Head judging a Classic all depends on your staff. Sometimes you need to dot every I and cross every T. Other times, you can give your team leads or even your floor judges enough freedom to try things their own way and see what works.
I explained to my wife that head judging is more mentally challenging, whereas being a floor judge is more physically challenging. As a head judge you guide an entire event, you oversee every task, and at the end of the day you want to mentor and give feedback to much of your team. It can be a lot to juggle.
Philadelphia was on the easier side of events for me. My staff was very strong, which allowed me to believe that everything would be handled and handled reasonably well. Because I believed in my team, I allowed them all greater flexibility to make their own decisions. I may not have done everything exactly as they did, but in the end everything got done, and almost more importantly, everyone learned something.
What’s your proudest accomplishment as a judge?
Being entrusted to head judge sizable events and being invited back to do it again.
I often struggle with knowing that I could have done better instead of acknowledging that I did a good, or even great, job in the first place. Being invited back helps to validate that I didn’t screw anything up too badly the last time.
What’s your proudest accomplishment as a player?
It’s neat that you think I’ve accomplished anything as a player. I play very little competitive Magic, as I enjoy working the events too much to play in them instead. With that, I try to play Magic often for fun at FNM, Prereleases, or just with friends. Sure, I’ve occasionally won an event, but that is secondary as I’m really there to have fun.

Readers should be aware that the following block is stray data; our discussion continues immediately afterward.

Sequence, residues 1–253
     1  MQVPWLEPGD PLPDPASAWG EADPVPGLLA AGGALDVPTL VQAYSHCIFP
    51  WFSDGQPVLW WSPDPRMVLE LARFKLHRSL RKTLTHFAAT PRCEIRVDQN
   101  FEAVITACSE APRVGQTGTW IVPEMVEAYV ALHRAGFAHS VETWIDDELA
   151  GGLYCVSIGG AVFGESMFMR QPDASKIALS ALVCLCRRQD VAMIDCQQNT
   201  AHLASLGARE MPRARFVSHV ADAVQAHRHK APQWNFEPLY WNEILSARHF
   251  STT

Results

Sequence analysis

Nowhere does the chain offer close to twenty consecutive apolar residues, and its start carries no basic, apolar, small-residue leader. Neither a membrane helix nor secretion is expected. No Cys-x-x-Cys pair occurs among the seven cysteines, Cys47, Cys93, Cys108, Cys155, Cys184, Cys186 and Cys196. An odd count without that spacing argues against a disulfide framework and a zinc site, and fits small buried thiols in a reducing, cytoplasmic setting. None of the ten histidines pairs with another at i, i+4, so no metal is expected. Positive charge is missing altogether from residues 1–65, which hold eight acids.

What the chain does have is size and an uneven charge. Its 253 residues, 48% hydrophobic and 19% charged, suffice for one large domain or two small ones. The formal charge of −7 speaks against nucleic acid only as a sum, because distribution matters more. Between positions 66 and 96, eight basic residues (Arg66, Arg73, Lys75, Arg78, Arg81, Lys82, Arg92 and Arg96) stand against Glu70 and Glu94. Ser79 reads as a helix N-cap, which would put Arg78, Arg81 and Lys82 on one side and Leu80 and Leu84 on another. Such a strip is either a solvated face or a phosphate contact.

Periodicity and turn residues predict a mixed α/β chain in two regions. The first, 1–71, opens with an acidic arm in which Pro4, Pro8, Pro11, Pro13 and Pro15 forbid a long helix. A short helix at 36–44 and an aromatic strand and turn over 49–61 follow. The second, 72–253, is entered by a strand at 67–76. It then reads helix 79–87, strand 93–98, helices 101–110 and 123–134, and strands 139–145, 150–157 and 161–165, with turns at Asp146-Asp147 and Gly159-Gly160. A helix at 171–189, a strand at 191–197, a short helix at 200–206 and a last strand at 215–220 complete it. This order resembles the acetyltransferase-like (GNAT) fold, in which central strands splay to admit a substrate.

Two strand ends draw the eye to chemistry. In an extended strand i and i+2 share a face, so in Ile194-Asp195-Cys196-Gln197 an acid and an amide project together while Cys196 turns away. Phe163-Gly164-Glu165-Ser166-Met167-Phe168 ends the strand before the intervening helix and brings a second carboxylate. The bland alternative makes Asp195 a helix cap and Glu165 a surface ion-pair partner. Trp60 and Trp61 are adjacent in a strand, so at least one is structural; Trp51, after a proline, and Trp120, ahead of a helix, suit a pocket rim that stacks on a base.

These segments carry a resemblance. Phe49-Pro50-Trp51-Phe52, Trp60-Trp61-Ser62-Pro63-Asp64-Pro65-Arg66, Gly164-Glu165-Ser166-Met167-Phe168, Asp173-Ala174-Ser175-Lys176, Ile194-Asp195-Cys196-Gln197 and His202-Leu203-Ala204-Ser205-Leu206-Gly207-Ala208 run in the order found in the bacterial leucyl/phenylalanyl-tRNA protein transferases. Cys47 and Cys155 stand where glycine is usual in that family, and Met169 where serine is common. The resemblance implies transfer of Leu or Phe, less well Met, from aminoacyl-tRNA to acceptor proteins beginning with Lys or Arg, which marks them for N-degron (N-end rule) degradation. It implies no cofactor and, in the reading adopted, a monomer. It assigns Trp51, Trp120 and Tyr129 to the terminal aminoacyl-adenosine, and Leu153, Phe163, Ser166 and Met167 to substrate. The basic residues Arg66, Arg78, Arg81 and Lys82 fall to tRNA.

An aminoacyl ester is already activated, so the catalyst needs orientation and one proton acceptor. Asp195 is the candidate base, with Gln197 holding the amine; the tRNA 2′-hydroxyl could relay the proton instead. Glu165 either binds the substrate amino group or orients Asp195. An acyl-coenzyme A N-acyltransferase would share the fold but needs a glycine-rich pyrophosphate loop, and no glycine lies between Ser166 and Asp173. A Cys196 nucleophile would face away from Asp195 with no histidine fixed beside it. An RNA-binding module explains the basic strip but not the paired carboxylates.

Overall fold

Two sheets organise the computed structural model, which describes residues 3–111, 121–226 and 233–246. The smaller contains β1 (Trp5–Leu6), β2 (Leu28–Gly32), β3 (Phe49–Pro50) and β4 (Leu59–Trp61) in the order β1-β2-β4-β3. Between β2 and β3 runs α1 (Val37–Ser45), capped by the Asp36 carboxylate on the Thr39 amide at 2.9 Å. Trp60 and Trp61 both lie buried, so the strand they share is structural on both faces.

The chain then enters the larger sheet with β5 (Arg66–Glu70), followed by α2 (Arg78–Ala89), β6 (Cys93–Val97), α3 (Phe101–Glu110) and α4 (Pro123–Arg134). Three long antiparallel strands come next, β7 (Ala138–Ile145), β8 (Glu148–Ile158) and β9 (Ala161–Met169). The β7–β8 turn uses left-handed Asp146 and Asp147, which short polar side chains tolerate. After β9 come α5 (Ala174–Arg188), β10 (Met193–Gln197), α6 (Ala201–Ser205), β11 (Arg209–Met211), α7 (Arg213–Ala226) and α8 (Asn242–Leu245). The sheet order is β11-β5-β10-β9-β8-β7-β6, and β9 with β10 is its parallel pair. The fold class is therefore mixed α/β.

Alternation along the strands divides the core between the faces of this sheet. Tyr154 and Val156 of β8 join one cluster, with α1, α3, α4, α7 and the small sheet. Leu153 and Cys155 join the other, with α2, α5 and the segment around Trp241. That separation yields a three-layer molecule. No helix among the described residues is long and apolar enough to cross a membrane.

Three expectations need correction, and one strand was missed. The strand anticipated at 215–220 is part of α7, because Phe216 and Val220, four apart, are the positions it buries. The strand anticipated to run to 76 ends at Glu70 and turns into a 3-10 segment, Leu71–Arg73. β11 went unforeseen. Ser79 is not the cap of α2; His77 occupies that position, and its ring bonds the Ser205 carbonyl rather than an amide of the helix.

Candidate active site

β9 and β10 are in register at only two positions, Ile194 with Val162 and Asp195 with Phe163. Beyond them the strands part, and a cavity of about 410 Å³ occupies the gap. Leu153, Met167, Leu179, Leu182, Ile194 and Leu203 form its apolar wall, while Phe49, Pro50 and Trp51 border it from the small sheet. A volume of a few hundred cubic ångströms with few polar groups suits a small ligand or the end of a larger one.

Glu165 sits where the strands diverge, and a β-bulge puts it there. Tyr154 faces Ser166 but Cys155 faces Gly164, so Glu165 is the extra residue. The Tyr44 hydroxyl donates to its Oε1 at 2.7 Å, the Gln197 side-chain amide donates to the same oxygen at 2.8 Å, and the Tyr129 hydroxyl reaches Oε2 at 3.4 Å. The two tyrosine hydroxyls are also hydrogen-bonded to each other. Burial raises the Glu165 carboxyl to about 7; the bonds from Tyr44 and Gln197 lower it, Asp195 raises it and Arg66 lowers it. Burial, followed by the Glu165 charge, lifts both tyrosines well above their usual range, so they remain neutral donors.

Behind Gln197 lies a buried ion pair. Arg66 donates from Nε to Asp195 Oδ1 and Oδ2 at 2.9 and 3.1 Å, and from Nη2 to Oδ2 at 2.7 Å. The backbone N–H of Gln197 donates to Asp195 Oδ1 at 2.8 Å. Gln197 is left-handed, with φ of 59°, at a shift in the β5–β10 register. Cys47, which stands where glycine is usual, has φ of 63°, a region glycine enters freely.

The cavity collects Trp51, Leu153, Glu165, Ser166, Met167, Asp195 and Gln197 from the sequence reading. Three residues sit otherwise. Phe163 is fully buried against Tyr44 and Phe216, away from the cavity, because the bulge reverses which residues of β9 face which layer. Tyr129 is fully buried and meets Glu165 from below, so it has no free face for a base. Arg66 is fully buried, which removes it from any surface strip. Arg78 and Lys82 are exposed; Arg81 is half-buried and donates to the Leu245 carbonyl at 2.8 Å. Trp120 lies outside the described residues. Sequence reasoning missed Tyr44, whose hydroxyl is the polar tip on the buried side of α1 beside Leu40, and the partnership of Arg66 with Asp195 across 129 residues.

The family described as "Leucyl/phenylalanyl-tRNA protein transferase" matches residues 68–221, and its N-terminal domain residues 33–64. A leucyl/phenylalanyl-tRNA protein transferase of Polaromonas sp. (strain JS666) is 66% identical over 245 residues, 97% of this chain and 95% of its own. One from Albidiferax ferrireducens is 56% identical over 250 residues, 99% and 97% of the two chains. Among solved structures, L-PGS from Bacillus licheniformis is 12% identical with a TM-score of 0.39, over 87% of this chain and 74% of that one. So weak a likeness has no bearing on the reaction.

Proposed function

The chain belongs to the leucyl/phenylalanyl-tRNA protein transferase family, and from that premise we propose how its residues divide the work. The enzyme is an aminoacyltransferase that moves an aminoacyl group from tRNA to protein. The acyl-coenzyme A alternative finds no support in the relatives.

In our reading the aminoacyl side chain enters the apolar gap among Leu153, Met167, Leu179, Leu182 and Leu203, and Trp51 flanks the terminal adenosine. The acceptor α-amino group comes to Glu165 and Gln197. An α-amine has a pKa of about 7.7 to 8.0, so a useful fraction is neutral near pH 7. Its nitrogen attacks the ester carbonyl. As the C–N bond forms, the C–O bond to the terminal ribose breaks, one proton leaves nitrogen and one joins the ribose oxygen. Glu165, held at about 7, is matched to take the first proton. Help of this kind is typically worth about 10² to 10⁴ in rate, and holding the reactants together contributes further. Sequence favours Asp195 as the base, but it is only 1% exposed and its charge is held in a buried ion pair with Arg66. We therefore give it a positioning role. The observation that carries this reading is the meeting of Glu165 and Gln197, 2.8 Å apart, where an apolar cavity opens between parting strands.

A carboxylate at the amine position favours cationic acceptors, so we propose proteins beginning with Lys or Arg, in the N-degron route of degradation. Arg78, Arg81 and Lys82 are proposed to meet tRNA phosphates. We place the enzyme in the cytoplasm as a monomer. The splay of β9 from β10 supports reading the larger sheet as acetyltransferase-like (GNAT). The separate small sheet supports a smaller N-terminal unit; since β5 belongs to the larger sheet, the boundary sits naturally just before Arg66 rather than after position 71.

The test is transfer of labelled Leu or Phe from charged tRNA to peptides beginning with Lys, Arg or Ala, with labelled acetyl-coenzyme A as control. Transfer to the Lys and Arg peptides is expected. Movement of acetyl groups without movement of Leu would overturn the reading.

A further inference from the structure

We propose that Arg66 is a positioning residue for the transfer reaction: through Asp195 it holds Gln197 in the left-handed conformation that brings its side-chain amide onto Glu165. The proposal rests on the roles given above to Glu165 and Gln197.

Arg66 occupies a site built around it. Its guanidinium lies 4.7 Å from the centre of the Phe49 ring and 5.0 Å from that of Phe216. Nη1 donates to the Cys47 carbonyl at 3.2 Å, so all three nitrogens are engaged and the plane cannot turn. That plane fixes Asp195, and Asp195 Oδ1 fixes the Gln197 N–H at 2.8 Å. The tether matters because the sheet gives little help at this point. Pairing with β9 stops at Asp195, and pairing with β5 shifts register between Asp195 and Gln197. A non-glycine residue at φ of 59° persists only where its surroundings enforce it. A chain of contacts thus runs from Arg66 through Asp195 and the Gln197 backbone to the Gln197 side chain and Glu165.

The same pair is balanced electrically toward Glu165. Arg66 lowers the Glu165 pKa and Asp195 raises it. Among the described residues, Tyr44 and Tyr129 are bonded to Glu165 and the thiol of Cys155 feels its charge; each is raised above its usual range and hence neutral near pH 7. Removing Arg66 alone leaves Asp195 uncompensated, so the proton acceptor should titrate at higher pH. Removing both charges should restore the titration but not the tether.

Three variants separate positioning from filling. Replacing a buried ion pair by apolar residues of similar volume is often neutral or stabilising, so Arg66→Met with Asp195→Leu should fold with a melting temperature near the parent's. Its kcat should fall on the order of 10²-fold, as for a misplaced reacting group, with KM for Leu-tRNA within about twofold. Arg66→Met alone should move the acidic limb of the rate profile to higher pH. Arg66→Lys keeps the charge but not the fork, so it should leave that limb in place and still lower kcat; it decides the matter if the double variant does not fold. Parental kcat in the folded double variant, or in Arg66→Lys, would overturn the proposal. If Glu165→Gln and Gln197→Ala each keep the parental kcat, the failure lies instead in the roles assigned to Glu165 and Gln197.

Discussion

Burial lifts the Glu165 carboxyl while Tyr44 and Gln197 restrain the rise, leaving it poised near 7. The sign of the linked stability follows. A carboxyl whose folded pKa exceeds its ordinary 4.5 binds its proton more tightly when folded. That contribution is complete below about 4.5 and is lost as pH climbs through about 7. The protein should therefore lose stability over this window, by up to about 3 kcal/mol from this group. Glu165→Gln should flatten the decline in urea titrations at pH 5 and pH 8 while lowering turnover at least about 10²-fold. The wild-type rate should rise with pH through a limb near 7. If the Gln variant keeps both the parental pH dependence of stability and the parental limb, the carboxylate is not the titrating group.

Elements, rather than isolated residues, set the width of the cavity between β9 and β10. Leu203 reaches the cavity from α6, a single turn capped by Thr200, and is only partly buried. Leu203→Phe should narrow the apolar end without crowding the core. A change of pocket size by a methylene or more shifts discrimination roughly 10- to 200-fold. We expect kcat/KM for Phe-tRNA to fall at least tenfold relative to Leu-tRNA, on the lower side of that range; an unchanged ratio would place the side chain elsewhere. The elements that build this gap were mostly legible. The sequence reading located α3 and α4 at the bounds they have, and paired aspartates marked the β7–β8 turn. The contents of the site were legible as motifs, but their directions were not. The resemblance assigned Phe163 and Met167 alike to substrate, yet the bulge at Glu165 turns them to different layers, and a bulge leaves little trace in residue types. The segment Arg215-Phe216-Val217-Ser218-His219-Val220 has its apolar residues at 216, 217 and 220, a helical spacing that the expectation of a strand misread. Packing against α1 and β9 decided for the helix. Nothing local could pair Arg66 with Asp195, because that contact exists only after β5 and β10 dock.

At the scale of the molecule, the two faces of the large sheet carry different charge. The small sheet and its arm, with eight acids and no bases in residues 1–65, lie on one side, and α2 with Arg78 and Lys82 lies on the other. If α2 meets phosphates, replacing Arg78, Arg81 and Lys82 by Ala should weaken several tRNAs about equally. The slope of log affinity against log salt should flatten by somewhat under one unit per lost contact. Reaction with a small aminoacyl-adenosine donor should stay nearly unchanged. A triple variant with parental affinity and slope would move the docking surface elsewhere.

You are very active in your local area but also regionally on The SCG Tour® and Grand Prix. What’s it like to go from these local events to enormous ones?
The biggest thing for me is remembering that while the local events are generally more casual and run at Regular, you still have to do the same job. You are still doing pairings, taking calls, and providing customer service. In some cases, you are still going to have to investigate and possibly disqualify players. While the events are vastly different at the core, you are doing the same job.
Thanks, Rick! Wise words as always. You did a great job in Philadelphia, and I’m grateful to call you a friend.
That’s all the time I have for today, but if you have more questions about Chalice of the Void, Trinisphere, or any other cards, you can always email me! Your questions might even be featured in a future column.
Also, as shadows gather over Innistrad and we prepare for a new set to release, I wanted to share a quick note about new cards. Weird new cards often mean weird new rules, but cards are previewed a few weeks before the official rules update is published. This means it’s not always clear how a new card will work. So if you see a new card and ask a judge about it, don’t be surprised if we tell you, “I don’t think I can answer that right now.” We just want to make sure we get it right!